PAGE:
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No, don't learn at karate schools. They overcharge you for karate uniforms. They make you pay, like, fifty or seventy-five bucks just for a karate uniform, and you don't wear a uniform in everyday life, so why train in one? Most fights take place outdoors, not inside with perfect lighting and mats.
I've made upwards of a million bucks in the cops-and-robbers business.
If you go to a coffee shop or at the airport, and you're using open wireless, I would use a VPN service that you could subscribe for 10 bucks a month. Everything is encrypted in an encryption tunnel, so a hacker cannot tamper with your connection.
I also played with Jimi Hendrix. Jimi would come down and sit in with Retaliation and we would have a ball. He offered me the gig with him at 20 pounds a week, which at that point, was like 60 bucks.
Kim Kardashian's marriage to Kris Humphries famously lasted 72 days, and was reported in the tabloids as being all about the big bucks paid by magazines for the bridal photos: it is a spectacle of a bride-to-be as entrepreneur, not as romantic heroine; the groom, in this scenario, is nothing but a prop.
To shuck oysters, you'll need an oyster knife, a handy tool with a sturdy handle and a short, rigid blade which you can pick up for about ten bucks in a kitchenware shop or fish market. A quick trip online will yield any number of videos and slide shows with step-by-step instructions on how to shuck an oyster.
The concept of loneliness and exile and self-sufficiency continually bucks me up.
I'd go to the farmers' market in Santa Barbara, and I'd put out my guitar case, and I'd test out these little ditty songs that I would write, and I would get a couple of avocados, a bag of pistachios, and, like, fifteen bucks. That was a lot of money for me.
If I fail, the film industry writes me off as another statistic. If I succeed, they pay me a million bucks to fly out to Hollywood and fart.
George A. Romero
Our whole wedding cost 180 bucks. Afterward, we re-heated lasagna for everyone and set off fireworks.
Larry the Cable Guy
Twelve-piece cookware sets for ninety-nine bucks are routinely hawked on late-night TV - often by friends of mine. But with a mere five pieces, you can do whatever you like - slay the dragon and then cook its tenderloin in the style of the duke of Wellington, if you want to.
A blowtorch is a wonderful thing. You can get one of those for about 25 bucks at Home Depot. And there's a ton of things that you can use a blowtorch for, in browning a steak or touching up the browning of a chicken or making creme brulee.
If you don't like the President, it costs you 90 bucks to fly to Washington to picket. If you don't like the governor, it costs you 60 bucks to fly to Albany to picket. If you don't like me - 90 cents.
I was a guy who wanted to become famous. There was steam coming out of my ears, I wanted to be famous so badly. You want the attention, you want the bucks, and you want the best seat in the restaurant. I didn't think what the repercussions would be.
My breakdancing crew used to go to the mall and squat a piece of cardboard there; we had our jam box, and I'd spin on my head and make about forty bucks a day, which was pretty good back then. I was only 14 years old, so I would chase the girls around the mall and eat some pizza and have some change left over.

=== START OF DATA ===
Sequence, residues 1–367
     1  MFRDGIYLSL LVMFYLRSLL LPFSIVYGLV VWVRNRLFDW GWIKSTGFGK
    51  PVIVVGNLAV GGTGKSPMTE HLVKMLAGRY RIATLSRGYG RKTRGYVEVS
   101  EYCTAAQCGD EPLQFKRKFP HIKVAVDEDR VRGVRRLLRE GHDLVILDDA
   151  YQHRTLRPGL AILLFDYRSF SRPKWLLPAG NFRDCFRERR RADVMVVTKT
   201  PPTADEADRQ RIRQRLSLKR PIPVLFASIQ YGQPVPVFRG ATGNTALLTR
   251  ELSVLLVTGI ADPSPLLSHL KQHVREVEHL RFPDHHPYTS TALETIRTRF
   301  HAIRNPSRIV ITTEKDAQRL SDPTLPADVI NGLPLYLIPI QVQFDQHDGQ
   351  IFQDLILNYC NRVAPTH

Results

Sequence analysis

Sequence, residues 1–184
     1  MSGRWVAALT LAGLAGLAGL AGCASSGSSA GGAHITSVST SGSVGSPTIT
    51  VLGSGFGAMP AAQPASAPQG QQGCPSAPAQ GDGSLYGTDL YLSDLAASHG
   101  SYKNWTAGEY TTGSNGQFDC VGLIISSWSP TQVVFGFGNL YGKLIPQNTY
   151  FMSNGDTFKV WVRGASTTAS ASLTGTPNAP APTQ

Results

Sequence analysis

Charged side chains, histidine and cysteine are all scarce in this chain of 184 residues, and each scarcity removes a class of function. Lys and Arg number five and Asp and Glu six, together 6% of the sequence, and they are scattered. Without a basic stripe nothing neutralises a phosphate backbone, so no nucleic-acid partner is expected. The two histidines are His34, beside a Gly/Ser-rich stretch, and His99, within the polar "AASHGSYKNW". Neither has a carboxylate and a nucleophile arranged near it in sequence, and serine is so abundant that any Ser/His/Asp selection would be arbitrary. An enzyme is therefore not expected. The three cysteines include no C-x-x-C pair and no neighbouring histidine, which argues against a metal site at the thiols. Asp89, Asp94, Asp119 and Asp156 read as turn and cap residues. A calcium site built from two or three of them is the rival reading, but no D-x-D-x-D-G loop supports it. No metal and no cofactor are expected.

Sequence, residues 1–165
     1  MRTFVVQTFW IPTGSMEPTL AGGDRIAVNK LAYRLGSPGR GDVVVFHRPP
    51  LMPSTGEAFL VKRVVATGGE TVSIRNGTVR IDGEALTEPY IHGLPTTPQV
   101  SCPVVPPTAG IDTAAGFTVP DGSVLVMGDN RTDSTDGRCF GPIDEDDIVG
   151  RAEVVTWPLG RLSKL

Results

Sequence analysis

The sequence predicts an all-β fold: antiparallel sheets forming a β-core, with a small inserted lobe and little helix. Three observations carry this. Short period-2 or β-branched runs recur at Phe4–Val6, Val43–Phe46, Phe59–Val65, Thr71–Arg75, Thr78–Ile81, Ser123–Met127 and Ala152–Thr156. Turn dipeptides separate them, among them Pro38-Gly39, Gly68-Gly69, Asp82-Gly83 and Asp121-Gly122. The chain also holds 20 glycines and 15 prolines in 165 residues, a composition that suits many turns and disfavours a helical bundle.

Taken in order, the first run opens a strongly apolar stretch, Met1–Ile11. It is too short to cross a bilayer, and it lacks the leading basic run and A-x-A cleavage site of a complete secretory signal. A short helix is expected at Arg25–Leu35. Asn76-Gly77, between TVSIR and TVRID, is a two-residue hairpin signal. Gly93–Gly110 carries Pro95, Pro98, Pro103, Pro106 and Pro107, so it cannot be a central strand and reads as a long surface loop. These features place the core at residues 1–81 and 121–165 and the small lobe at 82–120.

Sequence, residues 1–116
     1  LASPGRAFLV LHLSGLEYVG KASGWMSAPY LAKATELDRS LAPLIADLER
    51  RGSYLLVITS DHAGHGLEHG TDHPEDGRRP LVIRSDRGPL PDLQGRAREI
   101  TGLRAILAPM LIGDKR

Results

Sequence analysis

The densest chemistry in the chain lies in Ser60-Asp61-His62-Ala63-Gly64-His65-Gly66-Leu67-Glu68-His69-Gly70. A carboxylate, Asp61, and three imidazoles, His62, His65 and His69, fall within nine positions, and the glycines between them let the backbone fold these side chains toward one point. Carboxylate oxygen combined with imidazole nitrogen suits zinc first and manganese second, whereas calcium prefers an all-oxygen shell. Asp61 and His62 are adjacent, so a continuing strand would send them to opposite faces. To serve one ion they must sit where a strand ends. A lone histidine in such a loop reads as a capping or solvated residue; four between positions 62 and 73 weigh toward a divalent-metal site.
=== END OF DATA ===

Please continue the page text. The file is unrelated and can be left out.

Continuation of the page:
I got a hundred bucks says my baby beats Pete's baby. I just think genetics are in my favour.
There's a strange sense of accomplishment in making an independent film. Everything's against you; there's no time, and even less money - you bring a bottle of glue, chip in twenty bucks, and hope you all make it through the day. If you manage to finish it and it actually turns out to be pretty good, it's thrilling.
You can have 10 bucks to 10 million bucks and if you got a crew, imagination and a lot of people willing to turn in some work next to nothing, you going to have a feature. But you can't get beyond how expensive marketing the movie is, it's so crushing.
My first real business was bootlegging T-shirts - I was just a dumb kid. You go to a concert and pay $25 for a cotton T-shirt that says 'Rolling Stones,' 'Lollapalooza,' or whatever. On the outside they're 10 or 15 bucks. We were the guys selling them for 10 or 15 bucks.
I was a telemarketer in my senior year at high school. I had to sell prosthetic limbs to paralysed veterans. I was making 150 bucks a week and it was horrible.
I'd much rather see a world where, when you make some quirky comment on a blog or news story or you upload a video clip, instead of just a moment of fame for your pseudonym, you'll get 50 bucks. The first time that happens, you'll realise that you're a full-class citizen. You have the potential to make money from the system.
How many actors have a shot at being a part of something that became a part of pop culture? It's been very rewarding. I'm not getting the 20 million bucks for the new movies, but at least I'm getting warmth and recognition from people wherever I go.
To beat the market you'll have to invest serious bucks to dig up information no one else has yet.
It would absolutely suck if you paid a few bucks for a book only to find that on the first page it said, 'Once upon a time they all lived happily ever after' and the rest of the book was blank.
It's tempting to just write a comic called 'Everyone Mail Randall Munroe Twenty Bucks' - maybe it would work, and I could just close down the 'xkcd' store and sit on a beach and draw pictures and make snarky Reddit posts for the rest of my life.
Martin Luther King, Jr.
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